It's easy to feel a bit sorry for Madison school officials as they grapple with ways to close a $12 million gap in state funding.
"It sounds like this came out of left field, so I don't think anyone can be faulted for not imagining that something like this could happen," says Chan Stroman, a Madison parent with one child attending elementary school and two at a virtual school.
But feelings may change in December, school watchers say, when tax bills land in mailboxes and everyone starts to feel the pain.
The district proposes hiking property taxes - $82.50 for owners of $250,000 homes. This and other solutions stress a school-community partnership, a balance between educational responsibility and fiscal fitness that has become the hallmark of superintendent Dan Nerad's administration.
Indeed, it's hard to talk about the current financial situation facing Madison's schools without hearing an opinion on how Nerad, who began his tenure in July 2008, is managing the situation.
"Prior to this, our reaction was generally to find places to cut," says school board member Beth Moss. For instance, the district increased the class sizes of elementary "specials" (art, music and gym) by 50%. The policy was a disaster and has since been rescinded.
"Now we're approaching it by finding ways to refinance [and] shift finances around so we don't have to cut programs and staff."
This was supposed to be a relatively smooth budget. A referendum last fall gave the board approval to permanently exceed revenue caps, to a total of $13 million, over the next three years. But the state funding cut has given the process a painful new twist.
Now the loss of state funding is requiring new approaches. But, Nerad says, "We have a plan that is consistent with our partnership approach."
Nerad came to Madison after working 32 years in Green Bay's schools, seven of them as superintendent. He was named state superintendent of the year in 2006.
Nerad soon won praise here for meeting, talking with and listening to a wide swath of people. Today, he's still talking, in a very public way, about this newest financial wrinkle. He's even made time to discuss the issue on local radio talk shows.
That approach has earned Nerad the confidence of budget watchers like Don Severson, who heads the group Active Citizens for Education. Severson also had a part in the community input process to hire Nerad and has been part of the district's ongoing Strategic Planning initiative.
"The problem in the past is that decisions were made on emotions and who squeaked the loudest," Severson says.Nerad, he says, has been a vast improvement: "From the business side of things, he is very transparent."
That said, Severson thinks the district and school board didn't do enough to anticipate the bad news from the state. It had an early May deadline with Madison Teachers Inc. to notify staff of possible layoffs. The deadline came and went with no action. Says Severson: "The partnership promise was mostly smoke and mirrors for the public. That part of the program only went so far."
Nerad says the district did the best it could with the information it had and could not have anticipated the drastic change in the state budget.
"The context changed during budget deliberations and as more information became known about the economy in terms of how much revenue the state was getting," explains Nerad. "Projections changed, and part of the problem is that our budget timeline does not match state budget timelines. The school district has to move forward with the estimated data it has at the time."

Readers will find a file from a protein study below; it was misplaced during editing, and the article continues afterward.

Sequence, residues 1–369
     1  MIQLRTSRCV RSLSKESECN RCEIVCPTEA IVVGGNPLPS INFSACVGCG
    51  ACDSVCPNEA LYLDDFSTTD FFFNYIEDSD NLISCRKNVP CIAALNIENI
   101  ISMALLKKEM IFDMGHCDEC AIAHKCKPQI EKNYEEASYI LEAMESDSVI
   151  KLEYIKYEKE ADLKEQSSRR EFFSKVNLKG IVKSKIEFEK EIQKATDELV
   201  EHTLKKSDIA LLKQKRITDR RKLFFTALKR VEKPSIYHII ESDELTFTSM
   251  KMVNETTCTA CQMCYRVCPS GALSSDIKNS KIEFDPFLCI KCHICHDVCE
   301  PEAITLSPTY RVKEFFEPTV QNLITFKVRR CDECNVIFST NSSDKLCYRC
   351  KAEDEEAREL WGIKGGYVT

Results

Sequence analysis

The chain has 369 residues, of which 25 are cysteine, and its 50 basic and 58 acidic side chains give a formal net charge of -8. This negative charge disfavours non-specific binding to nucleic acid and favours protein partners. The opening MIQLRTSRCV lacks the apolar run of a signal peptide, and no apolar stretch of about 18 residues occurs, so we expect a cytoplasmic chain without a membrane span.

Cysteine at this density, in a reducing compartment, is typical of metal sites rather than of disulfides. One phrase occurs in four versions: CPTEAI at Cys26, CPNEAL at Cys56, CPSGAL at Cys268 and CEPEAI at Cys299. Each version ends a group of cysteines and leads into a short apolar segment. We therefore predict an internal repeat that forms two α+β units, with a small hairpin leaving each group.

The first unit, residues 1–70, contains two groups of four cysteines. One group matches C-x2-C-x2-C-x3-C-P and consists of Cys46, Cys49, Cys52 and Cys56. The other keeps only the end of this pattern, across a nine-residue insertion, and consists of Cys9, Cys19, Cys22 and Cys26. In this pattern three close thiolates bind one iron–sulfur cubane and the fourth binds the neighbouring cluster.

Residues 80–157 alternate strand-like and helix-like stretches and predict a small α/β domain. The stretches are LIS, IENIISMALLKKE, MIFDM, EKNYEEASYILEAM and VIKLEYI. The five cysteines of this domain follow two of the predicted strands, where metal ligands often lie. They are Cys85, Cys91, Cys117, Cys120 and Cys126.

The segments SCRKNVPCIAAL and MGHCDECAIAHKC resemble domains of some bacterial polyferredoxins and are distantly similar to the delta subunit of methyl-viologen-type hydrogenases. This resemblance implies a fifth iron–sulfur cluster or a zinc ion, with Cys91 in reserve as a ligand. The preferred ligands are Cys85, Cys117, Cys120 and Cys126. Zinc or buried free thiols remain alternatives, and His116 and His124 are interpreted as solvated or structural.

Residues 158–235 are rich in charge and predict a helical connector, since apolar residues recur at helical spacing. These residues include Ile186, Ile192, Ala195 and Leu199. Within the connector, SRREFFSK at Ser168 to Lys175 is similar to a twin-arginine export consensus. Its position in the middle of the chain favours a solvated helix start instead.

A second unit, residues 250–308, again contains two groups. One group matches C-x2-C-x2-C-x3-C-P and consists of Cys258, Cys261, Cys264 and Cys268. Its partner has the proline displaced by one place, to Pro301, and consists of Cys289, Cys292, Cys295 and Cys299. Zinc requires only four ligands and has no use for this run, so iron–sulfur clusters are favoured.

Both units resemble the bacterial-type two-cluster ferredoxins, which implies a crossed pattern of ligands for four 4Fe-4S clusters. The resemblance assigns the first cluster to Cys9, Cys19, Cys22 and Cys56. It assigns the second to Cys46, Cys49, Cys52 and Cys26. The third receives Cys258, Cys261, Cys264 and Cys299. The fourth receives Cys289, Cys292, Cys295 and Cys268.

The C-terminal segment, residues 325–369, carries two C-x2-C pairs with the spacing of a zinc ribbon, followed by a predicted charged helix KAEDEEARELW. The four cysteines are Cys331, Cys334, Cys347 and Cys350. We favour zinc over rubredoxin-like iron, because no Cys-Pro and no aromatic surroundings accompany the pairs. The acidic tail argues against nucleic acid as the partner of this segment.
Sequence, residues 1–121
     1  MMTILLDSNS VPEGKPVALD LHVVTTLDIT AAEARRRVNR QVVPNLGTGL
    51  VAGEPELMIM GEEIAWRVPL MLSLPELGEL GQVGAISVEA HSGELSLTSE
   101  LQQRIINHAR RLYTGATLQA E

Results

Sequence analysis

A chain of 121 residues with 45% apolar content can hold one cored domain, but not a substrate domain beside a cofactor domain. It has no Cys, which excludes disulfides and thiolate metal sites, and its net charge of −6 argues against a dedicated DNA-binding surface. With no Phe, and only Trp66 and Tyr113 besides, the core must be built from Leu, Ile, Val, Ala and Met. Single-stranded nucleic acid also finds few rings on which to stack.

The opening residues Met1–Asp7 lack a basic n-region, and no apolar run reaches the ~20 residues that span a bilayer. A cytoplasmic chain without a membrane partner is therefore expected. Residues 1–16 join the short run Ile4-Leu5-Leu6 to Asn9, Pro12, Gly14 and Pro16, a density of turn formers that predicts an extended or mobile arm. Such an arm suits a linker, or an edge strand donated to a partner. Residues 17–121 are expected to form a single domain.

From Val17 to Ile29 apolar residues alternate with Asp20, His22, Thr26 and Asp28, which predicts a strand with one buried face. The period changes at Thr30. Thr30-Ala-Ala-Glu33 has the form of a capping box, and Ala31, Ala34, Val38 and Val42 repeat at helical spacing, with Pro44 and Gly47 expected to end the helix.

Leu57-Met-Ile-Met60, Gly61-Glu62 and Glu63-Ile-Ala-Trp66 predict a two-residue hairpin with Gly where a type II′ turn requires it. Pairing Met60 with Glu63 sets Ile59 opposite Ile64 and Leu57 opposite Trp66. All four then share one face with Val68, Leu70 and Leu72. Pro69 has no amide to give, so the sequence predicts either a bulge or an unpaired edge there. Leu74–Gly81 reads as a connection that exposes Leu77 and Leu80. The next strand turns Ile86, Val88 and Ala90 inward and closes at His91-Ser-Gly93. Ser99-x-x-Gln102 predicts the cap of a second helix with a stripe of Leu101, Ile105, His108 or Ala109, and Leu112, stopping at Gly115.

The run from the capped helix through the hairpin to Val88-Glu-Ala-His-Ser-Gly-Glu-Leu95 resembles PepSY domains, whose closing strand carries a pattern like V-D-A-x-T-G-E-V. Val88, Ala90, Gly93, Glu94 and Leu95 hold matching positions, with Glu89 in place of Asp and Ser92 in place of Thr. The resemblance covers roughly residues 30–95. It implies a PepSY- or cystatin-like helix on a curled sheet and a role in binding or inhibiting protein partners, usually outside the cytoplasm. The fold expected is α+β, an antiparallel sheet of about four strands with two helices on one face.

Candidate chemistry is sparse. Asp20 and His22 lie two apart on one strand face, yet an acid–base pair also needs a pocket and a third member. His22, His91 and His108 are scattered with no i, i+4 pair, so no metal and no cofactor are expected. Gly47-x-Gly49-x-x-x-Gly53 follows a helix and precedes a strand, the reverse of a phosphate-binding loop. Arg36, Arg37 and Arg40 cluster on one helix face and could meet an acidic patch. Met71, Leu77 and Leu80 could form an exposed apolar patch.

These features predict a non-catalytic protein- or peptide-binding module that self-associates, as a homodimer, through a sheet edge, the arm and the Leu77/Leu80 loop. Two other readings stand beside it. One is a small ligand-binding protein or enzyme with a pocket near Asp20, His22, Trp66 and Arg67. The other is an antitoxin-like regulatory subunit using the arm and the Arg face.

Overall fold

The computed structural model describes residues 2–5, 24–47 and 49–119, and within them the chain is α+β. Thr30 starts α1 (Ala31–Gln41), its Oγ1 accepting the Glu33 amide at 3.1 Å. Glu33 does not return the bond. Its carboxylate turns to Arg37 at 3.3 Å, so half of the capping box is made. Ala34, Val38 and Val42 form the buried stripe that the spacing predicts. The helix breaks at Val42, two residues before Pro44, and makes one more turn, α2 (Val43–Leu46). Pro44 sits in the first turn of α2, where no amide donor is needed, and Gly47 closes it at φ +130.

Erik Kass, the district's new assistant superintendent for business services, has called the current numbers "ugly," saying the $82 tax hike this year is projected to rise to $190 in the next budget year (2010-11). Severson agrees, saying the district needs to perform a cost-benefit analysis of programs and initiatives.
Nerad says he's working to meet financial targets while holding programs in place through an ongoing strategic plan. As he puts it, "Any time an organization goes through change you have new ideas and new ways of looking at things, and I'd say we're taking full advantage of that."
John Matthews, head of Madison Teachers Inc., which represents more than 4,000 educators and support staff, is waiting to see what happens next. MTI and the district are currently in negotiations for the 2009-2011 contract; the previous pact expired last May.
"[The district] is now projecting that they over-allocated the need of substitute teachers and the number of new teacher hires and that that will help on the financial front," says Matthews. "They can either fill the need for materials, repair, and have classrooms cleaned more frequently - something desperately needed given the expected flu bug - or apply it to the shortfall in revenue."
Moss says the district is now able to move money around and take advantage of refinancing options due to historic low interest rates. But while that will help for this budget year, it's "not going to last forever." And the district "can't continue to go to referendum."
Stroman thinks the district "may need to take a more strategic approach to future funding planning," as opposed to making periodic calls to fix the state school finance formula. She says it needs to acknowledge "the realities of a shrinking tax revenue pie."
Sounds like a job for Dan Nerad.